10. The driver-responsive vehicle mirror system of claim 6, wherein the logic adjusts the orientation of each of the at least one vehicle mirror in unison.
11. The driver-responsive vehicle mirror system of claim 6, wherein each of the at least one vehicle mirror further comprises:
a pivotable connection to a vehicle;
a motor configured to adjust the orientation of each of the at least one vehicle mirror.
US14/755,881 2014-06-30 2015-06-30 Driver-responsive dynamic vehicle mirror system Active US9630558B2 (en)

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US201462018883P true 2014-06-30 2014-06-30
US14/755,881 US9630558B2 (en) 2014-06-30 2015-06-30 Driver-responsive dynamic vehicle mirror system

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Citations (15)

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US6193380B1 (en) 1999-04-20 2001-02-27 Raymond A. Jacobs Vehicle blind spot mirror
US20020052680A1 (en) * 2000-10-31 2002-05-02 Honda Giken Kogyo Kabushiki Kaisha Rear view mirror tilt control
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US6927894B2 (en) * 2001-05-23 2005-08-09 E-Vision, Llc Mirror assemblies incorporating variable index of refraction materials
US7354166B2 (en) 2003-11-25 2008-04-08 Temic Automotive Of North America, Inc. Automatic viewing of vehicle blind spot
US20100046104A1 (en) 2007-03-06 2010-02-25 Mate Rimac Vehicle Rear-View Mirror Shifting System Implemented With Aim To Eliminate The Dead Angle
US8087791B2 (en) * 2009-04-15 2012-01-03 Toyota Motor Engineering And Manufacturing North America, Inc. Methods and systems for adjusting the position of vehicle outside mirrors
US8282226B2 (en) 2002-06-06 2012-10-09 Donnelly Corporation Interior rearview mirror system
US8489284B2 (en) 2008-08-21 2013-07-16 International Business Machines Corporation Automated dynamic vehicle blind spot determination
US20130258512A1 (en) * 2012-04-02 2013-10-03 GM Global Technology Operations LLC System and method for adjusting vehicle mirrors automatically based on driver head position
US20130342926A1 (en) 2012-06-22 2013-12-26 Markus Lutz Method And System For Dynamically Adjusting A Vehicle Mirror
US8874313B2 (en) * 2012-10-31 2014-10-28 GM Global Technology Operations LLC Vehicle lane checking monitor
US20150048643A1 (en) * 2013-08-17 2015-02-19 Gougah Products Llc Efficient holder for mobile devices
US9296338B2 (en) * 2014-02-24 2016-03-29 Intel Corporation Vehicle mirror adjustment

Patent Citations (16)

* Cited by examiner, † Cited by third party
Publication number Priority date Publication date Assignee Title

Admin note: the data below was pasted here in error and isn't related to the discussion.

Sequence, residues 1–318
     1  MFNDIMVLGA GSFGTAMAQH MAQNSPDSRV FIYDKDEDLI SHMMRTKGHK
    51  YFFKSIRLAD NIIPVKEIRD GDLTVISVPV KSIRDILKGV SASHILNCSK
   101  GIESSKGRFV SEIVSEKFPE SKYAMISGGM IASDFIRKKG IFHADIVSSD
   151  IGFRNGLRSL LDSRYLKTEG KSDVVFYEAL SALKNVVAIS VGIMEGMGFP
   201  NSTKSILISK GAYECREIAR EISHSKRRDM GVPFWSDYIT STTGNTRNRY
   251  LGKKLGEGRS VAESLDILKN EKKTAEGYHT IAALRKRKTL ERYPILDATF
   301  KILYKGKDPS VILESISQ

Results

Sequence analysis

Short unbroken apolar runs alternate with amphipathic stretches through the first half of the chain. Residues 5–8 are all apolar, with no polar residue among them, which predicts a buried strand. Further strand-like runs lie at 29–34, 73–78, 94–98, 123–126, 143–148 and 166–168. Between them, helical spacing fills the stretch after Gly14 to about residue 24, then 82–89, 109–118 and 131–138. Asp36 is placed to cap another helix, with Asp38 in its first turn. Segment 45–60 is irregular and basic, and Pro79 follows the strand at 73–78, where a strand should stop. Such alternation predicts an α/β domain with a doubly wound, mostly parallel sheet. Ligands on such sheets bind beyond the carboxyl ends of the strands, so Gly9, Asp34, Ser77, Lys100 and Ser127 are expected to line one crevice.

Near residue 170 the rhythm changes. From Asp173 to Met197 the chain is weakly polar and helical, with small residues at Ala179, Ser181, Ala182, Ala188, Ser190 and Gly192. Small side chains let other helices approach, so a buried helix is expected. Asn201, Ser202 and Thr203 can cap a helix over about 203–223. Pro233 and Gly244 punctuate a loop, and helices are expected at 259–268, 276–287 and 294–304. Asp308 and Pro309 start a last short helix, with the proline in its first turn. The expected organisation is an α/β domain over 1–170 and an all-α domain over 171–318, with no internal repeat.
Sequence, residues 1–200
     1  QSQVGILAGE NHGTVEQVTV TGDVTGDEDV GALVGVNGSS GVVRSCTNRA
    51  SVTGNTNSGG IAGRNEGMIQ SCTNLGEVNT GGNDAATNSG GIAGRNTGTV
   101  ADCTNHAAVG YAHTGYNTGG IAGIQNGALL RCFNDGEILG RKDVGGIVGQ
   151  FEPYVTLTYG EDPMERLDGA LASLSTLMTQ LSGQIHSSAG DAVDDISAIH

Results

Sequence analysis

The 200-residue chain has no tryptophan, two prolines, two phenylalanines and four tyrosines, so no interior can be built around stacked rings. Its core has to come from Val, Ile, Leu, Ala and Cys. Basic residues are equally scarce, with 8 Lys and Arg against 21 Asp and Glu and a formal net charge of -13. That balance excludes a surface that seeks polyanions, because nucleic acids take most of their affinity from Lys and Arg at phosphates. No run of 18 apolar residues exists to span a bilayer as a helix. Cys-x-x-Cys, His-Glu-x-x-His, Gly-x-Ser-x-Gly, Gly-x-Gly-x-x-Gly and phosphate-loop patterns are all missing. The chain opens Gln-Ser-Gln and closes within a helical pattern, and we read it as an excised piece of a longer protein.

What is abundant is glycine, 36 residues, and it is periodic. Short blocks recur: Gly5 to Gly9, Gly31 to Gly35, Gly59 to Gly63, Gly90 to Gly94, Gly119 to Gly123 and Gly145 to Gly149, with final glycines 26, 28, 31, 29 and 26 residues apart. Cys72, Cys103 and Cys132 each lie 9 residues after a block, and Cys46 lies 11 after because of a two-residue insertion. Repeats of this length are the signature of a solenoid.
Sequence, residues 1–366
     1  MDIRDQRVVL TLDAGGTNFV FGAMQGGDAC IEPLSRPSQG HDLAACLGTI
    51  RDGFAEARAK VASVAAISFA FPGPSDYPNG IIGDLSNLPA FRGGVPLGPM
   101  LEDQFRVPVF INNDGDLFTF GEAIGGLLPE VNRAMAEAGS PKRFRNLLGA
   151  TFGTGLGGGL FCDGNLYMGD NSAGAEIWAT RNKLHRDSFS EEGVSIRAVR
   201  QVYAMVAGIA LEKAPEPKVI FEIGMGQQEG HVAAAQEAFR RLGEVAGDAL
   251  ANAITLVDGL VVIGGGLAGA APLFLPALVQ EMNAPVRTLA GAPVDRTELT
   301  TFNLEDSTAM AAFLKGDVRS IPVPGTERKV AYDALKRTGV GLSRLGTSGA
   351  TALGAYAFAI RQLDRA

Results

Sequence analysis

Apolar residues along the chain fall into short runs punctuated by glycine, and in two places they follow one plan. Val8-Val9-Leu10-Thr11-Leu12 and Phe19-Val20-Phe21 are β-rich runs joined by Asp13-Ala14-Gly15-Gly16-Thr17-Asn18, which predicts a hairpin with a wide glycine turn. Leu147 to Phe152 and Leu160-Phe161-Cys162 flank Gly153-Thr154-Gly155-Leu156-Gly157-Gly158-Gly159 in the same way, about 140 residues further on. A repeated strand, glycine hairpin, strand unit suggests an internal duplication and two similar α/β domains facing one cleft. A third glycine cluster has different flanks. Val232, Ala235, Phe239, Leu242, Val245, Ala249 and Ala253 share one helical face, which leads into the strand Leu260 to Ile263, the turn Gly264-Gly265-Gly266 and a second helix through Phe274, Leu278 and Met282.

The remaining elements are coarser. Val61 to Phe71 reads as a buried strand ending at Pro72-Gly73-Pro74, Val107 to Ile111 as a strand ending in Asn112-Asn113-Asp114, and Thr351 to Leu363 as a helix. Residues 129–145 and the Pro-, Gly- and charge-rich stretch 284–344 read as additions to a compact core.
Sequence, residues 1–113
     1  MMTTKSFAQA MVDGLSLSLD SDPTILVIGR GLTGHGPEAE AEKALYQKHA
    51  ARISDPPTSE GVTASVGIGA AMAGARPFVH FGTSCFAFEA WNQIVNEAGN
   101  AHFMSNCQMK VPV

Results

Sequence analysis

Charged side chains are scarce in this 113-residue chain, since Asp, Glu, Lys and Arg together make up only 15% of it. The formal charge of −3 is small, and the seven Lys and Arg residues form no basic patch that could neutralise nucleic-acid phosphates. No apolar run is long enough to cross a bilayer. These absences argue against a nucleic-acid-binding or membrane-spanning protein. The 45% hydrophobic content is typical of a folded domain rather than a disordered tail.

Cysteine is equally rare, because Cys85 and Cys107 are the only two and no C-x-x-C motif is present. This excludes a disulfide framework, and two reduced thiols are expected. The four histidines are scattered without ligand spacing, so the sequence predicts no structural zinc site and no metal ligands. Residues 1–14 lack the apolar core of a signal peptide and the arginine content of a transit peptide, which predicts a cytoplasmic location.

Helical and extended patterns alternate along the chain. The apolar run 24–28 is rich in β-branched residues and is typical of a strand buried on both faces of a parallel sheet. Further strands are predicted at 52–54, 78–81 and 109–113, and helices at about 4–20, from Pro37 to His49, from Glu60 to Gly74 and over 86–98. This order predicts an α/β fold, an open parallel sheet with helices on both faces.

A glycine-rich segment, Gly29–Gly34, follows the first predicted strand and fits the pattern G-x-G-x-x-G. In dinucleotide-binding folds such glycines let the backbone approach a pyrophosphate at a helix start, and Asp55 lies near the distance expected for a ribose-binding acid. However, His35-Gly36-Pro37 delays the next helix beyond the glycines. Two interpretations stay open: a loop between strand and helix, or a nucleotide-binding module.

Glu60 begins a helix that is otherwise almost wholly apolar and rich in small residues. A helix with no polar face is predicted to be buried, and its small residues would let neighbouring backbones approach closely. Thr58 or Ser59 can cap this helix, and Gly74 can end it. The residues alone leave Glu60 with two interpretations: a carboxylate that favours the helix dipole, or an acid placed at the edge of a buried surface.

US4394066A (en) * 1980-10-24 1983-07-19 Parker Hannifin Corporation Reversible flag type rear view mirror
US6193380B1 (en) 1999-04-20 2001-02-27 Raymond A. Jacobs Vehicle blind spot mirror
US20020052680A1 (en) * 2000-10-31 2002-05-02 Honda Giken Kogyo Kabushiki Kaisha Rear view mirror tilt control
US6927894B2 (en) * 2001-05-23 2005-08-09 E-Vision, Llc Mirror assemblies incorporating variable index of refraction materials
US6841960B2 (en) * 2002-04-19 2005-01-11 Murakami Corporation Vehicular mirror angle controller
US8282226B2 (en) 2002-06-06 2012-10-09 Donnelly Corporation Interior rearview mirror system
US7354166B2 (en) 2003-11-25 2008-04-08 Temic Automotive Of North America, Inc. Automatic viewing of vehicle blind spot
US20100046104A1 (en) 2007-03-06 2010-02-25 Mate Rimac Vehicle Rear-View Mirror Shifting System Implemented With Aim To Eliminate The Dead Angle
US8489284B2 (en) 2008-08-21 2013-07-16 International Business Machines Corporation Automated dynamic vehicle blind spot determination
US8087791B2 (en) * 2009-04-15 2012-01-03 Toyota Motor Engineering And Manufacturing North America, Inc. Methods and systems for adjusting the position of vehicle outside mirrors
US20130258512A1 (en) * 2012-04-02 2013-10-03 GM Global Technology Operations LLC System and method for adjusting vehicle mirrors automatically based on driver head position
US8702250B2 (en) * 2012-04-02 2014-04-22 GM Global Technology Operations LLC System and method for adjusting vehicle mirrors automatically based on driver head position
US20130342926A1 (en) 2012-06-22 2013-12-26 Markus Lutz Method And System For Dynamically Adjusting A Vehicle Mirror
US8874313B2 (en) * 2012-10-31 2014-10-28 GM Global Technology Operations LLC Vehicle lane checking monitor
US20150048643A1 (en) * 2013-08-17 2015-02-19 Gougah Products Llc Efficient holder for mobile devices
US9296338B2 (en) * 2014-02-24 2016-03-29 Intel Corporation Vehicle mirror adjustment